In the Internet Age, monoculture is unachievable. But there remain a few things that we can all agree on. The Ringer is looking at this rarefied group all week. These are our Undeniables.
He’s working class — people forget that. A humble, cheerful plumber. Each morning he slips on his uniform (blue overalls, red shirt, work boots, white gloves, tastefully branded red hat) and assembles the modest tools of his trade (various mushrooms, Tanooki Suit, Cape Feather, Fire Flower, Super Star, P-Wing) and sets workmanlike to the thankless, mundane, quietly noble task of Saving The Princess. He does this not for any self-serving or prurient reason — if he and Princess Toadstool have a sex thing going, keep me out of it — but because it’s the right thing to do.
It’s also, of course, a blast. “WOO-HOO!” he yells, among many other infectiously delightful exclamations, stomping on a goomba or a turtle shell or a giant bullet or whatever. He often fights right alongside his brother, who is taller and prefers a green ensemble and jumps higher and scares easier. And when the working day is done, they and their various buddies engage in a wide variety of healthy leisure activities, including golf, cart-racing, tennis, painting, pinball, party games, and music composition. He is also, on occasion, a doctor.
You should enjoy what you do. You should do it with the people you love. It is the American (and Italian, and Japanese) Dream.
He first surfaced in 1981, in the arcade classic Donkey Kong, as a carpenter named Jumpman. (No relation.) But even as a squat, mute, barrel-jumping li’l sprite, the charisma was obvious. His creator: video-game demigod Shigeru Miyamoto, who’d started out with Popeye in mind until certain legal realities intruded. As author Blake J. Harris put it in his 2014 book Console Wars: Sega, Nintendo, and the Battle That Defined a Generation, “Who would possibly want to play a game where a tiny red plumber [sic] must rescue his beloved princess by hopping over obstacles tossed in his way by an obese gorilla?” Millions of people, Blake. Relax.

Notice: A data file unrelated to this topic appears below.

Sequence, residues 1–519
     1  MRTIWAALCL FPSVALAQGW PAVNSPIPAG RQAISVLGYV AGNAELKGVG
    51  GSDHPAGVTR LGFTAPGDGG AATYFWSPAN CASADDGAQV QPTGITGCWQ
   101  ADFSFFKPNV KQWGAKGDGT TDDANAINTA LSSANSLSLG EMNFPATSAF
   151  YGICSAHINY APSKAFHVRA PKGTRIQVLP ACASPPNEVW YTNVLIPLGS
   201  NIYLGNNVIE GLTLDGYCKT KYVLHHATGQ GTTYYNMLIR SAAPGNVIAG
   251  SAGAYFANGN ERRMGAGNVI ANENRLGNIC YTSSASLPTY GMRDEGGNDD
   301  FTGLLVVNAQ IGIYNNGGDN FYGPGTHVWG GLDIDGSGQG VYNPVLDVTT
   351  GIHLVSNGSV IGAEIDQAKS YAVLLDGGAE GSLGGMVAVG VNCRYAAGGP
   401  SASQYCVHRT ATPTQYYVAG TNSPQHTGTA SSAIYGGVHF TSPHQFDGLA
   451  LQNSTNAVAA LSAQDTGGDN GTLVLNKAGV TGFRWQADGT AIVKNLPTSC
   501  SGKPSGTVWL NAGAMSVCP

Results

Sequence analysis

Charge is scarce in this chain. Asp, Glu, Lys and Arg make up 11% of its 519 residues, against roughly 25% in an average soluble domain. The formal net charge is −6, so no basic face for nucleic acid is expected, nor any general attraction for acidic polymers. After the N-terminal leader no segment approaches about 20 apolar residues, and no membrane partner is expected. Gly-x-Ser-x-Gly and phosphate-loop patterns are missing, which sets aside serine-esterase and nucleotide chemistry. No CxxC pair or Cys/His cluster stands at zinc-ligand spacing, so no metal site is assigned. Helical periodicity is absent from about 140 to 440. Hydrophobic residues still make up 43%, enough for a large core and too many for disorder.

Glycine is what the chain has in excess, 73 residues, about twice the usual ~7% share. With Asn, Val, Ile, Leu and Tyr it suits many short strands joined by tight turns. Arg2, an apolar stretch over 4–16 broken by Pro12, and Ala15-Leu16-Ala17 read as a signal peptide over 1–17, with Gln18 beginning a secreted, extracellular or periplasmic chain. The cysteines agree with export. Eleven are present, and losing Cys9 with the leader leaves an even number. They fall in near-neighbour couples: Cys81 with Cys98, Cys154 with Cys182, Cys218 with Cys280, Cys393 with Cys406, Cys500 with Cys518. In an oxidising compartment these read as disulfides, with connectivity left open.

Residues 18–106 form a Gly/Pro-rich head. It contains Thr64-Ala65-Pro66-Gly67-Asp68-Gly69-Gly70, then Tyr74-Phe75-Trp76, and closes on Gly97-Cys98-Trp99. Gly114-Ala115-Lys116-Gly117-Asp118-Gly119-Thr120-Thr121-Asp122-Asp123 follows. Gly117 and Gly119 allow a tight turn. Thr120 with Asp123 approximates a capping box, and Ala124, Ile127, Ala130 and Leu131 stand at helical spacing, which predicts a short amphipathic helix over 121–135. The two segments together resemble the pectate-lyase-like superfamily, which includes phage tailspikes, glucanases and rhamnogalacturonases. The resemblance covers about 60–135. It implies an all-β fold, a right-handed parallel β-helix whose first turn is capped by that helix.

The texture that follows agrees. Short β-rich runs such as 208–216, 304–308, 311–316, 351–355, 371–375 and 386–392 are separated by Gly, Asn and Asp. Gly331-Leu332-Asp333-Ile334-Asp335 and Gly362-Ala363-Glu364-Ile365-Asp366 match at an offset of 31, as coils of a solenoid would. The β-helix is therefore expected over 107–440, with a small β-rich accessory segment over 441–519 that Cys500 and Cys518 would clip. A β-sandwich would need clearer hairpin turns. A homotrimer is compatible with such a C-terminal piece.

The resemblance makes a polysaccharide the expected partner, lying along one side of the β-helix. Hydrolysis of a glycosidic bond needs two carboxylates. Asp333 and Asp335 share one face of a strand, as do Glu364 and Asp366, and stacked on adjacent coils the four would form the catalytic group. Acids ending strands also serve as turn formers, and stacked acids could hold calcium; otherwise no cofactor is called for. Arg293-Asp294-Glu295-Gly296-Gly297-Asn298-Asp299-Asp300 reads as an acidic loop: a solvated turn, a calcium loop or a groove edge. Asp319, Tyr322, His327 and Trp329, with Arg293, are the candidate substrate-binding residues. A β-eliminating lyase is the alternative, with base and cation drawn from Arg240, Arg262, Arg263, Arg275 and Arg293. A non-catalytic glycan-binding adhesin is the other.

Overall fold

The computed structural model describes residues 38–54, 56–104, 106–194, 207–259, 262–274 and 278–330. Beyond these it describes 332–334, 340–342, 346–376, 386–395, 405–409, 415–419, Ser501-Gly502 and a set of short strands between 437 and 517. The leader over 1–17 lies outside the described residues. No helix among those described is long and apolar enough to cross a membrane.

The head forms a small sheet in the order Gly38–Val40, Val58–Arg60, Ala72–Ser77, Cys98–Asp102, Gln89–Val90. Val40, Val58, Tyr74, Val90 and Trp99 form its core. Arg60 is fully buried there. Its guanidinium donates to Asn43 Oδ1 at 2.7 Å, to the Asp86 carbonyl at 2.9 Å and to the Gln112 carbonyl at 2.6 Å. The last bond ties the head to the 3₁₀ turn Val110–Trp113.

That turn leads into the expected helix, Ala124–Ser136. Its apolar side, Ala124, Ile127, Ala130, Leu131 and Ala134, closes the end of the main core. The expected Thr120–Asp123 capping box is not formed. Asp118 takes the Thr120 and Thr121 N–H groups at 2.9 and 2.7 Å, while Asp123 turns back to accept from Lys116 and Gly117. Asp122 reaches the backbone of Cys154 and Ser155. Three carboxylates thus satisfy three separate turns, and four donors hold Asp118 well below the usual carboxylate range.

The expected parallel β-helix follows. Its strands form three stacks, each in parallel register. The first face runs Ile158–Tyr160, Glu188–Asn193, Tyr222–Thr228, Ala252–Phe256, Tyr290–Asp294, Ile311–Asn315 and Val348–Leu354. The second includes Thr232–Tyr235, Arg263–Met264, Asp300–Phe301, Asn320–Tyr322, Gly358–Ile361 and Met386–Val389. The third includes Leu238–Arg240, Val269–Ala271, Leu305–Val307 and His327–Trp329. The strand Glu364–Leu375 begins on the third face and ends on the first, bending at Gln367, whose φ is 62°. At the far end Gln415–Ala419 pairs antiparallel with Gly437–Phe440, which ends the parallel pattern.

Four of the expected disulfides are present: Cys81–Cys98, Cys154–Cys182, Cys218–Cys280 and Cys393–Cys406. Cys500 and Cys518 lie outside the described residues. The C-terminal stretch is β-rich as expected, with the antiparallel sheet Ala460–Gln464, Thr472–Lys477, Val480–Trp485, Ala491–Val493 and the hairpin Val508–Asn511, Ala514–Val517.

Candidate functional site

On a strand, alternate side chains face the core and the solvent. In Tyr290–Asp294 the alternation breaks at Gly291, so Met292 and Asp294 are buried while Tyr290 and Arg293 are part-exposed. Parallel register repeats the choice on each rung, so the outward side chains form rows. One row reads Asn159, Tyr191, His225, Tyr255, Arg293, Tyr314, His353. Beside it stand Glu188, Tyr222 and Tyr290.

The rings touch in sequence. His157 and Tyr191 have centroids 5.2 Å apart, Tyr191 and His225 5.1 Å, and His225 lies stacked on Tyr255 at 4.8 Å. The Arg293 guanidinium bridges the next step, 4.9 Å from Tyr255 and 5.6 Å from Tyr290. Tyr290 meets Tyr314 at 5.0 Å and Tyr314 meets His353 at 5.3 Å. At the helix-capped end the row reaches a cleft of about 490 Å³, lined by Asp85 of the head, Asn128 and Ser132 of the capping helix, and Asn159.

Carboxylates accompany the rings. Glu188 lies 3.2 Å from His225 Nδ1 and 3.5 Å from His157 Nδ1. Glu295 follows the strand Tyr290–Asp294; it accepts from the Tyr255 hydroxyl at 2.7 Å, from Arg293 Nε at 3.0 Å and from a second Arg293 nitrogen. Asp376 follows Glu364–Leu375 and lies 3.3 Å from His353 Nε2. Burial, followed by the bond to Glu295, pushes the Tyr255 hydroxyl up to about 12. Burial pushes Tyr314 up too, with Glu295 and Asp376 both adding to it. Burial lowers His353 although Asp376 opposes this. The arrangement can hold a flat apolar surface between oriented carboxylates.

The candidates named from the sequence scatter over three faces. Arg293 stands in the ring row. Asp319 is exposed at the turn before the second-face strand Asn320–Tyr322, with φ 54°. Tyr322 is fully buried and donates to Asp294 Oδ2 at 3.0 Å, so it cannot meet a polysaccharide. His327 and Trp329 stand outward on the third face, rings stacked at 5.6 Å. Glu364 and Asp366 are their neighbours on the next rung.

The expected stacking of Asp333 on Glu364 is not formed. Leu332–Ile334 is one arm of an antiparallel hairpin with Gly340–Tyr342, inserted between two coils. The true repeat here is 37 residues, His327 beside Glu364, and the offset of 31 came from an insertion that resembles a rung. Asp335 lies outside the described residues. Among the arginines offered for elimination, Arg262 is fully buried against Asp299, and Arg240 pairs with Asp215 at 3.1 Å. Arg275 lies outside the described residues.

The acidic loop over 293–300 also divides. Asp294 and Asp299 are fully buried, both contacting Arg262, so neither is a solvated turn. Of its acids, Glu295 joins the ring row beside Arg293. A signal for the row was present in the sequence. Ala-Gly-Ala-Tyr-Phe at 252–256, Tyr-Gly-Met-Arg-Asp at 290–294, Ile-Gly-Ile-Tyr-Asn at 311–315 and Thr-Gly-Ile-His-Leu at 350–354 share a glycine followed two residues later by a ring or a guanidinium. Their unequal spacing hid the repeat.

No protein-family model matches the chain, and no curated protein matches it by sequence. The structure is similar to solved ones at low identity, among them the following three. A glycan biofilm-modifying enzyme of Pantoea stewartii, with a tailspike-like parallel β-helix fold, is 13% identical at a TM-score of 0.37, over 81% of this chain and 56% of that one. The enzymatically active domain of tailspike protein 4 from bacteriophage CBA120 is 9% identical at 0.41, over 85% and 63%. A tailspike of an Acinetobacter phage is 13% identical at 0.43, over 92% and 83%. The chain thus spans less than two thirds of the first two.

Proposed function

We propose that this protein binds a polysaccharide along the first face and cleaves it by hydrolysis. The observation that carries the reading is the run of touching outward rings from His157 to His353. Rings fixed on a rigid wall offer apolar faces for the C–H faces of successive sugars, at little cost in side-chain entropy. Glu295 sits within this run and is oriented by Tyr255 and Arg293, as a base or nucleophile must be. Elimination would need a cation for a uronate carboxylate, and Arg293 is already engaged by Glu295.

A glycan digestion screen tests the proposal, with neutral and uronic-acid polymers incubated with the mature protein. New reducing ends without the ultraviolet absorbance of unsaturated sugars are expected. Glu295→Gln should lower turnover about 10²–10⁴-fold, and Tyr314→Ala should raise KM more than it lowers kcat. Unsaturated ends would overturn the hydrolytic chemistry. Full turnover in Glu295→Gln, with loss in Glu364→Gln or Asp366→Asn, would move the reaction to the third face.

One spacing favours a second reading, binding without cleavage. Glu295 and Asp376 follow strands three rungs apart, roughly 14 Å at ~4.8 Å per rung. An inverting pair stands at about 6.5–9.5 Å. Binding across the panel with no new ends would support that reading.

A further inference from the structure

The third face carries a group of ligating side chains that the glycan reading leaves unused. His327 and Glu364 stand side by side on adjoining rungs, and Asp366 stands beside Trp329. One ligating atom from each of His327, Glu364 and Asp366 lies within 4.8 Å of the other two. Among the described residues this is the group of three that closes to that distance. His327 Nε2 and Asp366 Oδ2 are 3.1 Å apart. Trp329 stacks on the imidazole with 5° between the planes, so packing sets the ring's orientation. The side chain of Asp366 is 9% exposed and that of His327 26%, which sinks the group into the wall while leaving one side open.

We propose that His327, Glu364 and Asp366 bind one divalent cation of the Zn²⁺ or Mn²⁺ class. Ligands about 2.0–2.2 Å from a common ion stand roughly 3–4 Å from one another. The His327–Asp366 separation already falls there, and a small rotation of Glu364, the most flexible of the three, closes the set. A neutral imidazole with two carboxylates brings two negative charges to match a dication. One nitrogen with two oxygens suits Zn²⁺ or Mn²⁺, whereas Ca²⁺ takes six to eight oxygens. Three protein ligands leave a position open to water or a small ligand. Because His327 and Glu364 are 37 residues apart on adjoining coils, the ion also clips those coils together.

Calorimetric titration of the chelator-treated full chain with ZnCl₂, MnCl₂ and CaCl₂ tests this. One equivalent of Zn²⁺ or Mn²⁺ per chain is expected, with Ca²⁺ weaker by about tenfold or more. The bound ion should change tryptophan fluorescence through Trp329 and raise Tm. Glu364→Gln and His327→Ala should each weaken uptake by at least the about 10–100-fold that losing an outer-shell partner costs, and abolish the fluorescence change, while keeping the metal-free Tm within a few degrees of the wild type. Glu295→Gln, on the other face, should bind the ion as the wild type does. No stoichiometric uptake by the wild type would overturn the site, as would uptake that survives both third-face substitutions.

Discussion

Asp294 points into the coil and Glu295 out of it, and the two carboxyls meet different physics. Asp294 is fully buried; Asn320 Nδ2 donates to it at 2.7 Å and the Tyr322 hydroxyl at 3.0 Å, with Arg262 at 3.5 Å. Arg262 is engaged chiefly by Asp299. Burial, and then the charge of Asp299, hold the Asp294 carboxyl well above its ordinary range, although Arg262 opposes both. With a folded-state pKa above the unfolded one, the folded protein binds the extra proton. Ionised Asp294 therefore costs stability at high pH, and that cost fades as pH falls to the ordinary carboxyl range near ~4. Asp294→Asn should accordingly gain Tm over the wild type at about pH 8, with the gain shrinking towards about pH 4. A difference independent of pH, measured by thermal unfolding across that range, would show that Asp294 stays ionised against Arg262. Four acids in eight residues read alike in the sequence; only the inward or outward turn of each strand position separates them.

He played the ape-imprisoning villain in 1982’s Donkey Kong Jr., a brief dalliance with evil that he deeply regrets now, and for which we have forgiven him; he first teamed up with his brother, Luigi, in 1983’s grim sewer fantasia Mario Bros. But it was 1985’s Super Mario Bros., which served as the U.S. flagship for the eight-bit Nintendo Entertainment System, that launched him skyward, heavenward. Thanks to composer Koji Kondo, he had, with apologies to the gang over at Cheers, the best theme song of the ’80s — infectious, upbeat, endlessly mutable. And it soundtracked the richest, strangest, most enveloping video-game universe the world had ever seen, a full bestiary of whimsical foes skulking deep underground and high in the Seussian trees, from fireball-twirling castle dungeons to the ragtime-kissed turquoise sea.
By 1987, he was less a household name than an indelible part of your household — more than 40 million copies of the original SMB sold overall. Video games had boasted “characters” and “narratives” before, but never an architecture this huge, or this loopy, or this enduring. He was the world’s first virtual superstar, and his leaping powers — boing boing boing boing — were yours to command. “Each board had so many hidden coins and power-ups, so many enemies and dangers, so many secrets!” wrote Jeff Ryan in his 2011 book Super Mario: How Nintendo Conquered America. “This wasn’t a simulation; it was a world to get lost in, as replayable as a favorite book or movie or album.”
In the years to come he’d command worlds, and then whole galaxies; as franchises go, he is the Ray Kroc of plumbing, his expanded kingdom an infinite Russian novel, a Marvel Universe all his own. His rise predates the tired “Are Video Games Art?” debate, which too often equates darkness with profundity, endless cutscenes with storytelling depth, antiheroes for heroes. We got it right the first time. No one doesn’t enjoy playing a Mario game — any of ’em, for any system, in any context. He was portrayed in live-action by Captain Lou Albano (on TV) and Bob Hoskins (in a movie you should avoid), which is the highest honor a video-game character can receive. This commercial made me tear up when I was 9. He has inspired far less fan fiction than his onetime rival, Sonic the Hedgehog, but that’s because his story is already complete. He is simple. He is perfect.
And that’s in part because he’s so unknowable. The environment has always loomed larger than the man, which only further underscores his honor and selflessness, his refusal to muddy the waters of his kingdom with complex, unnecessary motivations beyond “wants to save the princess” or dialogue beyond “It’s-a me, Mario!” The most famous lines in Mario lore are spoken not by him, but to him: “Thank you, Mario! But our princess is in another castle!” It’s a disappointment he accepts stoically, not to mention heroically, pressing onward to new heights, new depths, new castles. He knows that the American (Italian Japanese) Dream is an action, not a place; a pursuit, not a reward. His work is our greatest, most communal pleasure.